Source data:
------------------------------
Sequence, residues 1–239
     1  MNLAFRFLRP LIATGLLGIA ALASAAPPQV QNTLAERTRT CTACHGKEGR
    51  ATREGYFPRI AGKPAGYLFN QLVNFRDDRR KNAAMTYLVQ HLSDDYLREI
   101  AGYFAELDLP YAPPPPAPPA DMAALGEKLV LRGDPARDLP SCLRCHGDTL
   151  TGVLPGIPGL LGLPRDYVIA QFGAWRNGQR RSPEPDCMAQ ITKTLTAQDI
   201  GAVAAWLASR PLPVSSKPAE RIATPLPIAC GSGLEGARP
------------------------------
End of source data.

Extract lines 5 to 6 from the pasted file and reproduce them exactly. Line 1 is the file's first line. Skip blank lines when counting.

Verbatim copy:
   151  TGVLPGIPGL LGLPRDYVIA QFGAWRNGQR RSPEPDCMAQ ITKTLTAQDI
   201  GAVAAWLASR PLPVSSKPAE RIATPLPIAC GSGLEGARP